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Robust State Budgets Show Signs of Economic Recovery, Survey Finds

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State governments are showing wide-ranging signs of recovery from the recession that shocked and paralyzed them early in the 1990's, a survey of state finances shows.

From increased tax collections to robust year-end balances, state budgets are showing the signs of a solid national economy, according to the "Fiscal Survey of the States," released last week by the National Governors' Association and the National Association of State Budget Officers.

State general-fund spending increased by 6.6 percent between fiscal 1994 and fiscal 1995. The smaller estimated growth of 2.5 percent for fiscal 1996 is attributed to the mood among governors and lawmakers to find ways to reduce taxes and spending.

Twenty-eight states are considering plans to reduce taxes, the survey found. Most often, the targets are personal and corporate income taxes. Income-tax modifications are also being proposed, often aimed at finding ways to increase exemptions and deductions for working families. Ten states are considering sales-tax changes.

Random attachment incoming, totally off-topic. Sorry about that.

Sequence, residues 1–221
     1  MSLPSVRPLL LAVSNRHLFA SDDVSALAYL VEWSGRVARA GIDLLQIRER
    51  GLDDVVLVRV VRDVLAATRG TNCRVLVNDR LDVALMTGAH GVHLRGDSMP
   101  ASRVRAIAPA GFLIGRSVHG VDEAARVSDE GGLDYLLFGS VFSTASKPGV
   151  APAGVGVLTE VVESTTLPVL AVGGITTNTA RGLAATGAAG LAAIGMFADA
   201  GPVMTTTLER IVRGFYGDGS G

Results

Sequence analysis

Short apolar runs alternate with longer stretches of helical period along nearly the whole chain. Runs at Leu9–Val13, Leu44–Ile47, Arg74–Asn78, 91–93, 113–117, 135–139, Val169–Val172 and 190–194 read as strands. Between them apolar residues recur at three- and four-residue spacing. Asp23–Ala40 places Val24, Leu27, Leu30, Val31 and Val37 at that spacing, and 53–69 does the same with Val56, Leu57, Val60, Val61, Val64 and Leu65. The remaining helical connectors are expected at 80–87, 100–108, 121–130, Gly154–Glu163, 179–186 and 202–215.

Also on the tax front, several states are looking for ways to wean public school budgets away from reliance on local property taxes. Education programs also are feeling the national trends of downsizing state bureaucracies and cutting state mandates.

Healthy Balances

Signs of a growing economy are especially strong in the Plains states, where unemployment is lowest and personal-income growth is highest, the report says. The New England economy, hit hard by the recession, continues to expand, and states on the West Coast are seeing improvements.

Signs of slowing economic activity were found in the Middle Atlantic states and in the Southeast, but the survey said that even with some slowdown, both regions were faring better than in recent years.

One sign of the improved fiscal climate is in the states' year-end balances, which had dipped to about 1.1 percent of their general-fund budgets at the height of the economic downturn in fiscal 1991.

In both fiscal 1994 and the latest estimate for fiscal 1995, the average balances exceeded 5 percent, the amount that the N.G.A. considers a prudent reserve.

However, the report found some nagging signs of trouble. Eight states estimate that their year-end balances will be less than 1 percent. And 12 states reported having to make midyear cuts in their budgets for the current fiscal year, 1995, because of unexpectedly high costs or low tax collections.

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